When will YOU get WPA3?

Two years ago, Wi-Fi Alliance ratified a new Wi-Fi Protected Access (WPA) security standard, WPA3. It offers a lot of new interesting features, like Open Wi-Fi Security, Individual Data Encryption, Brute-force Attack Prevention and Strong Protection for Weak Passwords.

Why do we need a new standard?

A major weakness of WPA2 was its susceptibility to brute force attacks. WPA3 is better prepared for this type of attacks, even when users set passwords that are not considered strong. WPA3 introduces Simultaneous Authentication of Equals (SAE) to replace the WPA2 Pre-Shared Key (PSK). This fends off key reinstallation attacks like KRACK. SAE has two main uses: keeping your network devices safe while connecting to a wireless access point and defending against offline dictionary attacks.

WPA3 delivers a more individualized form of encryption via Protected Management Frames (PMF). It provides protection from eavesdropping and forging in public areas. Additionally, public networks can be secured extra with the use of Wi-Fi Enhanced Open. While this is not technically part of the WPA3-certification, companies can choose to implement it. Wi-Fi Enhanced Open ensures that traffic between your device and the access point is encrypted without having to enter a password.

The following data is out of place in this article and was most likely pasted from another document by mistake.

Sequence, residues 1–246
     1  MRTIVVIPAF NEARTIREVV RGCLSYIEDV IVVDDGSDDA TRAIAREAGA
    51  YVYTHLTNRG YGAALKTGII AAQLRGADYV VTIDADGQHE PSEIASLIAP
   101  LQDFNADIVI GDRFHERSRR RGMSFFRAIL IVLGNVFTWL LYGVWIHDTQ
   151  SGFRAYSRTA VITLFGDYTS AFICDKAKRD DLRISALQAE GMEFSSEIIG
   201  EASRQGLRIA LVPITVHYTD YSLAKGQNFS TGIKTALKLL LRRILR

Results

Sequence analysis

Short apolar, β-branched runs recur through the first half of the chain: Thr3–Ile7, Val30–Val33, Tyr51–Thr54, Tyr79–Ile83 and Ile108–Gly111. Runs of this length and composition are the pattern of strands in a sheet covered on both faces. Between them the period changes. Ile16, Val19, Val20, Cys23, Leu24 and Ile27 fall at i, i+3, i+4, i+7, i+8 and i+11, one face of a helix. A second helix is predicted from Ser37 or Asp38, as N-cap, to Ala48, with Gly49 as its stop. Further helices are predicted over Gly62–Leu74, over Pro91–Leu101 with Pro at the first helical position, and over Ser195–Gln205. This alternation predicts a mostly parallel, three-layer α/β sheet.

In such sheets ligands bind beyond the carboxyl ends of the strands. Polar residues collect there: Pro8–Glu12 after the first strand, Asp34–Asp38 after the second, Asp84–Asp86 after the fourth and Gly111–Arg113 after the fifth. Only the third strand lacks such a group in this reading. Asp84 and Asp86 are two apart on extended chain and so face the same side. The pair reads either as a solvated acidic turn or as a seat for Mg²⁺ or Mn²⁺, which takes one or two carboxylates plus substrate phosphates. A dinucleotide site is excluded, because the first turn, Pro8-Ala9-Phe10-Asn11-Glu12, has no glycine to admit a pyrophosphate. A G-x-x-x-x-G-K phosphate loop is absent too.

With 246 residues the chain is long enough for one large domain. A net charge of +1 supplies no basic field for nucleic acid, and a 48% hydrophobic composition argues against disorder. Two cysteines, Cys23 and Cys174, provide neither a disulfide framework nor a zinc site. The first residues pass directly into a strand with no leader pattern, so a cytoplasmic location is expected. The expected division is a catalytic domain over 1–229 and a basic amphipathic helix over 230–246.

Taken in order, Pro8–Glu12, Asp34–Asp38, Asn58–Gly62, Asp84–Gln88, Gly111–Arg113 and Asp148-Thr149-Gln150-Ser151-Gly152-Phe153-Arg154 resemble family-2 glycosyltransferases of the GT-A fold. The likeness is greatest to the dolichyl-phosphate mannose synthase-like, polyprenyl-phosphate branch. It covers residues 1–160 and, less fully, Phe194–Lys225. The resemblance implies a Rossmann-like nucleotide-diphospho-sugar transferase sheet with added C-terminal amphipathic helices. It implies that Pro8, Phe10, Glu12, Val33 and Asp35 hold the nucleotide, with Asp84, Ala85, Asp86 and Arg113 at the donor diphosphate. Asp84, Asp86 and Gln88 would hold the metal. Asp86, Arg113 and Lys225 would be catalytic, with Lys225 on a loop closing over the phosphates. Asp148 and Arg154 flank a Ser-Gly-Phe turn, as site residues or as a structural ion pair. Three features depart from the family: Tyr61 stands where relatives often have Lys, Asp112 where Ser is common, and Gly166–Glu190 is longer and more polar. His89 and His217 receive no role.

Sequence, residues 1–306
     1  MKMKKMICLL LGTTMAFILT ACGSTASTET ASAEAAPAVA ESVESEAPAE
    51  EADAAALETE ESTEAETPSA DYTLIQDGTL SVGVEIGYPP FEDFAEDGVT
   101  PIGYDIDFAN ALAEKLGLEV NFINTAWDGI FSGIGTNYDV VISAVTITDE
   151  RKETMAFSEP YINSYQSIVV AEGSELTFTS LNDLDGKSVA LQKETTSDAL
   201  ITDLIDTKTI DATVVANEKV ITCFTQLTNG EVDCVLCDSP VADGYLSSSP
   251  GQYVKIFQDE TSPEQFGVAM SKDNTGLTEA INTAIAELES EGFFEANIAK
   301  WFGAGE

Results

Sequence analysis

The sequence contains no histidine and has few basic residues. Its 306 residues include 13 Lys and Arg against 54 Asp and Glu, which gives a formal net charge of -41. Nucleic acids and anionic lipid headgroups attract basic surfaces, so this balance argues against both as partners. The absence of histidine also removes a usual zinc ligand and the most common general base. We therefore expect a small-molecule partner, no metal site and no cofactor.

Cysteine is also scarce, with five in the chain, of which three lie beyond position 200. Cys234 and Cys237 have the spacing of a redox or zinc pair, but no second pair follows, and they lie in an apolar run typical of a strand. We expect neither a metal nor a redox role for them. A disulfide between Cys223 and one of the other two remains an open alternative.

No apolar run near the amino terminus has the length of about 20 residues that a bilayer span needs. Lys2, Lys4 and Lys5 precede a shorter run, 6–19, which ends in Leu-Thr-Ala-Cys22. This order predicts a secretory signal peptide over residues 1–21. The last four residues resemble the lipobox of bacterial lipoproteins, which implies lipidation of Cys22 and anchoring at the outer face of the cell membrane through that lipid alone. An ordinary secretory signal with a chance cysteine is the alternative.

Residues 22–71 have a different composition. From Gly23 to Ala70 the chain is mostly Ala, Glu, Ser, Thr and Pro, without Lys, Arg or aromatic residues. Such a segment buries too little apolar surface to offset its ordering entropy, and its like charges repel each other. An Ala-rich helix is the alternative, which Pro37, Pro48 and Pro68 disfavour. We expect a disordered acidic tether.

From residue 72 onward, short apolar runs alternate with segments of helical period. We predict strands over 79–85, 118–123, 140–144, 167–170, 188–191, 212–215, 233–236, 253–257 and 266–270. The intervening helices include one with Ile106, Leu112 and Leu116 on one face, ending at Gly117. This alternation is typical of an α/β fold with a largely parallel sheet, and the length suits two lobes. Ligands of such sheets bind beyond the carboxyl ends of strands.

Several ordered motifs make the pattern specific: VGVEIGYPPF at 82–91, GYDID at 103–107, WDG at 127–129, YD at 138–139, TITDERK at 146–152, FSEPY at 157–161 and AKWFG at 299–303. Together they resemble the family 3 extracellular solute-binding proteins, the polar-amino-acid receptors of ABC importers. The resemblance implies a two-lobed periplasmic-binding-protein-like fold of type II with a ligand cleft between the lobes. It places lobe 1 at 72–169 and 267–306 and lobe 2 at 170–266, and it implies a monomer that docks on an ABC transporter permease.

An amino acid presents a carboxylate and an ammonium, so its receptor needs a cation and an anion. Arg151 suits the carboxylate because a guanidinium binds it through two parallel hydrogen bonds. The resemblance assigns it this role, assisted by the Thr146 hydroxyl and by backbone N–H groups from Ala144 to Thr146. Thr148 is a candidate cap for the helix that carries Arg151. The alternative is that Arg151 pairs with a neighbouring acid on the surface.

WPA3-Enterprise expands the encryption to 192 bits (WPA3-Personal mode still remains 128-bit) to improve password strength. It is mostly intended for the protection of critical networks, like governments, defense, and special industrial applications.

Wi-Fi Alliance introduces Wi-Fi Easy Connect as an optional feature and alternative to WPS (Wi-Fi Protected Setup). This greatly eases the process of connecting to IoT devices without screens. It should be enough to scan a QR code on the device to initialize the connection.

Why is this new standard is still not widely adopted?

All major wireless solution providers support WPA3, both in their latest products and in their software releases. But there still is limited WPA3 compatibility on end devices, certainly on the hardware level. And with the implementation of IoT devices, which have a considerably longer lifetime, it will probably take several more years until wireless networks become ‘WPA3 only’. There will be a long transition period with both WPA2 and WPA3 devices connecting to your Wi-Fi.

So do you have to implement WPA3 in your wireless environment?

While WPA3 is a significant step forward, it already has shown some vulnerabilities. Nonetheless, WPA3 still offers better security than its predecessors. Also recently Wi-Fi Alliance announced WPA3 will become mandatory for all new certified Wi-Fi products.

For optimal security, keep all network devices up-to-date to ensure all vulnerabilities can be identified and resolved. And when buying new Wi-Fi devices, whether they are enterprise, BYOD or IoT, be sure to pay attention to their WPA3 capabilities.

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